Monday, May 24, 2010
I'm not sure when it started, but I think it was ten years ago when I first heard a writer declare, "IT'S ALL FICTION!" And then I began hearing it wherever groups of writers met, each saying it as though THEY had come up with this amazing statement of truth about lying as a writer. It bugged me right from the beginning because I had worked so hard in my life to not lie.
Being the first person in my family to ever go to college might seem like a big deal, but not to my family. In fact everyone treated me like I thought I was better than they were. And maybe I thought I was, maybe part of me still thinks so. But few even noticed, except my father when he found out that he was going to have to continue paying child support by Pennsylvania state law until I was out of college. He certainly noticed, and didn't hide his annoyance. My mother was too involved with her sexual intrigues and busy being inebriated with booze and drugs.
No one in my family caring about me going to college was just fine, I was ready to leave them behind me. All my life I had been incredibly embarrassed about the white trash family I came from. And what fourteen year old wants to see their mom wasted with a bunch of creepy, horny Led Zepplin fanatics, OH GOD, I hated them all! But I hadn't really thought about them when getting my books for my first classes, I was excited to be throwing myself into this amazing world of literature. What I didn't count on was that all my classmates would be talking about their families. I assumed everyone was like me and trying to escape.
It was almost an accident, the first lie. Well it was certainly deliberate, but, it wasn't planned at all. I was so busy being surprised that not everyone hated their families that it hadn't occurred to me that someone might ask me about my family. But from the first question about them the lies began. I reinvented them. Completely. I was so embarrassed. They couldn't know, and they certainly would have judged me if they did know the truth. I knew from experience that when your mother gets arrested for shoplifting YOU get judged by everyone along with her. Even the police sneer and shake their heads when looking at you, in the middle of the parking lot, waiting for your stepfather to come pick you up because your mother was cuffed and put in the back of a police car. You're trash. You're no good and that's that. Nothing good could possibly come of you coming from white trash.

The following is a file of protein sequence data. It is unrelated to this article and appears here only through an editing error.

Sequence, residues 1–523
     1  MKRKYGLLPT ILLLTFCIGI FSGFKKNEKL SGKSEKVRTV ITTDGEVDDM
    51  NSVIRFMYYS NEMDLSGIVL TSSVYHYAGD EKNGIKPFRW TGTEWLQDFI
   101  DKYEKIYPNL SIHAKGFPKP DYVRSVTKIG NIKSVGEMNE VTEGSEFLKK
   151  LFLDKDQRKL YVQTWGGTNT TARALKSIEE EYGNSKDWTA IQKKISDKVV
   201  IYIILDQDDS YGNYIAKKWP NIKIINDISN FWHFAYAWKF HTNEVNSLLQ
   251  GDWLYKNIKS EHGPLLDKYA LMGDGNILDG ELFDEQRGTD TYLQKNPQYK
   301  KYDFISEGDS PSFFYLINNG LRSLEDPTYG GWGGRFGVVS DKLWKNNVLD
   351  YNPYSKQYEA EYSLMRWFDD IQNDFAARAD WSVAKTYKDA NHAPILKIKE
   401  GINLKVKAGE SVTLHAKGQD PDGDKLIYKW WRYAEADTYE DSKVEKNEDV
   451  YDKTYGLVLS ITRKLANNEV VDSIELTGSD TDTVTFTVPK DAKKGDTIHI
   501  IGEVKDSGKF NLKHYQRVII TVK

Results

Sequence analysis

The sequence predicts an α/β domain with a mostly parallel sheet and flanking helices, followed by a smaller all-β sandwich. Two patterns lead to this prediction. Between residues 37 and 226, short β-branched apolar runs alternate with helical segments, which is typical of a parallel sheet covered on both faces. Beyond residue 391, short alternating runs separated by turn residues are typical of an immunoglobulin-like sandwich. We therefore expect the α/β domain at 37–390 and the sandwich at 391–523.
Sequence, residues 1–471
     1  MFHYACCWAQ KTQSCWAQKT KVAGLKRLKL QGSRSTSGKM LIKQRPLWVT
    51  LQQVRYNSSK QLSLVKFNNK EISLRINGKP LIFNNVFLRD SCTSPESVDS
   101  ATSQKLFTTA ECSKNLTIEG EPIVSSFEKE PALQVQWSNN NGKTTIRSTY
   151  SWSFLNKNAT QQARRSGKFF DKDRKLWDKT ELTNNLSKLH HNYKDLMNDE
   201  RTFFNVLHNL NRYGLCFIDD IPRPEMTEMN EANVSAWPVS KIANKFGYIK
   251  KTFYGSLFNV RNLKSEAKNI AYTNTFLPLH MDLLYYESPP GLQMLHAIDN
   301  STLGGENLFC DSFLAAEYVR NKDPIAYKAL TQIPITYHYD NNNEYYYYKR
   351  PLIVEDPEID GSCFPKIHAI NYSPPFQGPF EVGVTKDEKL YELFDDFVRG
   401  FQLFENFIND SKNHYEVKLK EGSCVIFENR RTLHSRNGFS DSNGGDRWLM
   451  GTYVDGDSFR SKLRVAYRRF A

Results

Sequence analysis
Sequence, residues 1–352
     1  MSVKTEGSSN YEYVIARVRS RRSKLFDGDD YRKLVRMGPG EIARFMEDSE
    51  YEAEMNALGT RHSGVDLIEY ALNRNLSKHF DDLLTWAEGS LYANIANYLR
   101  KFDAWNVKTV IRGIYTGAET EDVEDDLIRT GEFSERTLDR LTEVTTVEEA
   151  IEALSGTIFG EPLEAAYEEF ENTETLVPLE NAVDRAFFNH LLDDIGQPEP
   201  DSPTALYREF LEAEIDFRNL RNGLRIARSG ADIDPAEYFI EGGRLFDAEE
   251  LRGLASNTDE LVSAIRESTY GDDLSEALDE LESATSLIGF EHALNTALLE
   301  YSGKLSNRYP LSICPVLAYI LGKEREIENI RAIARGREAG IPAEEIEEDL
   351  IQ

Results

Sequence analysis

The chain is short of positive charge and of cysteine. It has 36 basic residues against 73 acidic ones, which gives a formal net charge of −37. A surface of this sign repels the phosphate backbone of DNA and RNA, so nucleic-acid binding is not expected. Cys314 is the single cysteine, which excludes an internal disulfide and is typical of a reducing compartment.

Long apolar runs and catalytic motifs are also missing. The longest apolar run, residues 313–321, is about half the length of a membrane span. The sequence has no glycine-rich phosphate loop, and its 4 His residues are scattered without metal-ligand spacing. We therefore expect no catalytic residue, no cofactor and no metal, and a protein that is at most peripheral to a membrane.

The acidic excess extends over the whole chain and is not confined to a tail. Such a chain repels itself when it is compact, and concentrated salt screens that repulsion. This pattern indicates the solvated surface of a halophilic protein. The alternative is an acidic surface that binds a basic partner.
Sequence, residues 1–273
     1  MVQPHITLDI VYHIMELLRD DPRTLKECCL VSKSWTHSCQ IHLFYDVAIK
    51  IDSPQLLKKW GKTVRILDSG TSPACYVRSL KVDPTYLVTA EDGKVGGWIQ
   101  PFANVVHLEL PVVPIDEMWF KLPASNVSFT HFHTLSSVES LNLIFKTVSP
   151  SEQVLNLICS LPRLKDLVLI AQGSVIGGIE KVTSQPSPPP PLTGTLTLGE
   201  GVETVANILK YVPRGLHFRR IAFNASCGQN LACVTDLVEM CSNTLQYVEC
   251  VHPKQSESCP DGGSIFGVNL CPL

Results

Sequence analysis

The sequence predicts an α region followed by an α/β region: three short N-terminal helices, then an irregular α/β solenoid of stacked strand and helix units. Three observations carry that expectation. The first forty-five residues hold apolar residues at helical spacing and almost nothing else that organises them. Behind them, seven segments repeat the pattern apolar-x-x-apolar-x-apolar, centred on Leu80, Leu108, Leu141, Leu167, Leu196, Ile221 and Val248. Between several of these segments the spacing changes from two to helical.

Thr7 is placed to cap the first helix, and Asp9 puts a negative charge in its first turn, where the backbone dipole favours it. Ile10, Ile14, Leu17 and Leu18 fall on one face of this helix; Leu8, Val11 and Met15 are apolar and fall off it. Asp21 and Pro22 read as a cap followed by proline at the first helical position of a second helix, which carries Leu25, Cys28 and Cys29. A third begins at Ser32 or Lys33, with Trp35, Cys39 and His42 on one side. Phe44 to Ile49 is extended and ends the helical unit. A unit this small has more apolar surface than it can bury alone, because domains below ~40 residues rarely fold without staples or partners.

And maybe that's true ninety percent of the time that nothing good could come of you. I was determined to be who I wanted to be regardless, and the person who I wanted to be wasn't my family. And I was NOT about to let any of these new kids in my life find out about them. No way was I going to tell them about the police and booze. About protecting my sister from my evil stepfather's sexual advances. And shoplifting with my mother. And selling flowers for her on the side of the highway. Neglected, I didn't want to be someone who was neglected. It was ugly, I didn't want to be from ugly.
And the lie was simple enough at first. They were boring middle class people. You know, nothing special. That's how it started. But the lie HAD TO grow because more things would come up. Vacation, we went here for vacation, how about you? Or, my mother likes to shop at Macy's, how about your mom? My mother had never been in Macy's. My mother was poor. We lived in a car for half a year, no, my mother did NOT shop at Macy's. You don't go from washing your face in the gas station bathroom after sleeping in the back seat of a car all night to shopping at Macy's. This world doesn't work that way. And it wasn't my fault it didn't work that way, I kept telling myself. Which only made it easier to lie. I kept saying that it wasn't my fault that I'm not from nice people.
The lying went on for about half a year or so. Then one day I went into a convenience store near the school, and I heard a voice call out, "DUDE WHAT ARE YOU DOING HERE?" It was Wendy, someone I knew from high school. Someone who knew everything about me. Everyone back there did. They knew my mom was a whore and thief and a drunk, and that I was a fag. Wendy was working behind the register, ringing up snacks for an entire line of students in my new school. "Do you know him?" "YEAH, WE WENT TO THE SAME HIGH SCHOOL!"